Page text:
Throughout his life, Mozart was inspired, fascinated, amused, aroused, hurt, disappointed and betrayed by women -- and he was equally complex to them. But, first and last, Mozart loved and respected women. His mother, his sister, his wife, her sisters, and his female patrons, friends, lovers and fellow artists all figure prominently in his life. And his experience, observation and understanding of women reappear, spectacularly, in the characters he created. As one of our finest interpreters of Mozart's work, Jane Glover is perfectly placed to bring these remarkable women -- both real and dramatized -- vividly to life. We meet Mozart's mother, Maria Anna, and his beloved and devoted sister, Nannerl, perhaps as talented as her brilliant brother but, owing to her sex, destined to languish at home while Wolfgang and their father entertained the drawing rooms of Europe. We meet, too, Mozart's "other family" -- his in-laws, the Webers: Constanze, his wife, much maligned by history, and her sisters, Aloysia, Sophie and Josefa. Aloysia and Josefa were highly talented singers for whom Mozart wrote some of his most remarkable music. Aloysia was the first woman whom Mozart truly and passionately loved, and her eventual rejection of him nearly broke his heart. Constanze, though a less gifted singer, proved a steadfast and loving wife and -- after Mozart's death -- his extremely efficient widow, consolidating his reputation and ensuring that his most enduring legacy, his music, never be forgotten.
Mozart's Women is their story. But it is also the story of the women in his operas, all of whom were -- like his sister, his mother, his wife and his entire female acquaintance -- restrained by the conventions and strictures of eighteenth-century society. Yet through his glorious writing, he identified and released the emotions of his characters. Constanze in Die Entführung aus dem Serail; Ilia and Elettra in Idomeneo; Susanna and the Countess in Le nozze di Figaro; Donnas Anna and Elvira in Don Giovanni; Fiordiligi, Dorabella and Despina in Così fan tutte; Pamina and the Queen of the Night in Die Zauberflöte: are all examined and celebrated. They hold up the mirror to their audiences and offer inestimable insight, together constituting yet further proof of Mozart's true genius and phenomenal understanding of human nature. Rich, evocative and compellingly readable, Mozart's Women illuminates the music and the man -- but, above all, the women who inspired him.
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Jane Glover is one of our preeminent conductors and an expert on Mozart. She studied music at St. Hugh's College, Oxford, and subsequently completed her doctorate on seventeenth-century Venetian opera. She is Music Director of Chicago's Music of the Baroque and conducts regularly with the Chicago Opera Theater. In addition to the New York City Opera, she has conducted at all the major symphony and chamber orchestras in Britain -- at the Royal Opera House, Covent Garden, the English National Opera and Glyndebourne -- and appears regularly at the BBC Proms. She works extensively in the United States, Europe and Australia. She is also a regular broadcaster, with highlights that include a television series on Mozart and the radio series Opera House. She received the honor of Commander of the British Empire (CBE) in 2003.Review:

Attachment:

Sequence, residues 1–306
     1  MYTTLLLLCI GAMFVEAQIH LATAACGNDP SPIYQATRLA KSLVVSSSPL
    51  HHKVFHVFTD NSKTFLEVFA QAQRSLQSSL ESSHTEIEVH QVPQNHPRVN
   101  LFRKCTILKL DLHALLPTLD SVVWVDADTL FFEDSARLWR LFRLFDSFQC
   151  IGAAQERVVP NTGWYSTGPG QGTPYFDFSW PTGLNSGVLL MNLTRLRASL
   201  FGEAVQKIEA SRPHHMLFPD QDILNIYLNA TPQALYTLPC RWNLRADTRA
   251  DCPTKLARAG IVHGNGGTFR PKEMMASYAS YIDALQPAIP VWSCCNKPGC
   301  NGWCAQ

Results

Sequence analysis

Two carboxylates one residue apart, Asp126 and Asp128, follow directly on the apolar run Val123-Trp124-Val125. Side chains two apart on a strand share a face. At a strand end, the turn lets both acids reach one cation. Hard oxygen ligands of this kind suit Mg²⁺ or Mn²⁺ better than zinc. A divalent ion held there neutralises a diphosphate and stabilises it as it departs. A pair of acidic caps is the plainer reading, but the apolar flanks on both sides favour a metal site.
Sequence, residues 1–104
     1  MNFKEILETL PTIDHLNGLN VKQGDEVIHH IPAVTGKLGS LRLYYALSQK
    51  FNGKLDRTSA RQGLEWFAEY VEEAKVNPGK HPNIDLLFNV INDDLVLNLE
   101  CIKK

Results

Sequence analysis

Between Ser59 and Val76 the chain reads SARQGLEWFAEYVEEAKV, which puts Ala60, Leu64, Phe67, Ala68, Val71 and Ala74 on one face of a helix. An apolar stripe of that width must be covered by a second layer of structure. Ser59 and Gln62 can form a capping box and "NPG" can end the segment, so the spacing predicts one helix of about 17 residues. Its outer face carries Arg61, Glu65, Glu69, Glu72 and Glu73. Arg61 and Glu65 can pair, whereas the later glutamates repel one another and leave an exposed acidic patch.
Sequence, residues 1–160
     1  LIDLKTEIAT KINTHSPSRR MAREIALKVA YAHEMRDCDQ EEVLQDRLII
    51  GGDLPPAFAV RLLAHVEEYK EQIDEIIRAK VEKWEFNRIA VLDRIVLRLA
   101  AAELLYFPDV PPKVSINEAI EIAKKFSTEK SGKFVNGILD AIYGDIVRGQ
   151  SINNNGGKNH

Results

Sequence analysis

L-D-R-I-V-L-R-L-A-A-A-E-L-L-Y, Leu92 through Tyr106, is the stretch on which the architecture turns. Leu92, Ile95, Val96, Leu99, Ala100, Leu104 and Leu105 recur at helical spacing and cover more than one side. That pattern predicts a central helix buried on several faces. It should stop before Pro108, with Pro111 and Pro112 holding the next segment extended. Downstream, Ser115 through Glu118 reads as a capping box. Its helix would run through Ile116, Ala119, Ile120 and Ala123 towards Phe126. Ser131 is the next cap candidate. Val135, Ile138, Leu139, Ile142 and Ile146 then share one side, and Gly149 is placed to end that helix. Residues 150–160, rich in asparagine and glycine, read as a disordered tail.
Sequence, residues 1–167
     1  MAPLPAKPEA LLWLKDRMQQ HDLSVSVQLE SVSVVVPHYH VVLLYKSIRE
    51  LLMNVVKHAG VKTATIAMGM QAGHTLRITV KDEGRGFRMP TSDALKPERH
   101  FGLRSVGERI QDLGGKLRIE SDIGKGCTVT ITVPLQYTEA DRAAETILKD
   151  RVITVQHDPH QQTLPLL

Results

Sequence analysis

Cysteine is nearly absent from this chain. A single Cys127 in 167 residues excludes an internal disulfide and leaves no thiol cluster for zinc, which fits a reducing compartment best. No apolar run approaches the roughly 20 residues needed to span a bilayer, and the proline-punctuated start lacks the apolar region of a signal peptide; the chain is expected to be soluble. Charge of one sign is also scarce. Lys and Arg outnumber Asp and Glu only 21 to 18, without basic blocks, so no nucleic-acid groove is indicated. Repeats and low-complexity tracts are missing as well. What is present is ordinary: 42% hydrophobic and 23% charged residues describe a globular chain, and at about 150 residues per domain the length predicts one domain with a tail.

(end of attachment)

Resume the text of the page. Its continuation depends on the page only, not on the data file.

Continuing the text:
‘Jane Glover’s elegant and fascinating book illuminates an aspect of Mozart, and of his work, that has often been touched on but never with such detail and insight. Her vivid portraits enable us appreciate how deeply the remarkable women in his life served as both emotional and artistic muses, and how their spirit informs his masterworks . Glover has lived Mozart’s music intimately, and her knowledge of it and love for it make her a privileged guide to its endless riches, and to how originally and brilliantly Mozart uses it to create some of the most memorable female characters in all of opera.’ Renée Fleming
‘Jane Glover has produced a winner, showing us Mozart from a fresh and fascinating viewpoint: the women in his life. Constanze, for instance, emerges a different creature from the way she is usually portrayed, tempting the reader to revise judgement on her. Written in a delightful, accessible style, this is a book that anyone with an interest in Mozart should have. For the singer it is an indispensable treasure trove of information – altogether, hugely enjoyable’
Dame Janet Baker
‘Nowadays it seems that Mozart’s genius had always existed, fully formed, from the first. But genius does not flourish in isolation. It is Jane Glover’s great gift to show how the women surrounding Mozart – his sister Nannerl, his wife Constanze, and her three talented sisters – all influenced him, making their own contributions to the creation of the most fascinating, dazzling, and complex women on the opera stage’
Judith Flanders, author of Circle of Sisters and The Victorian House
‘Beautifully written and scholarly without seeming so’
Dame Felicity Lott
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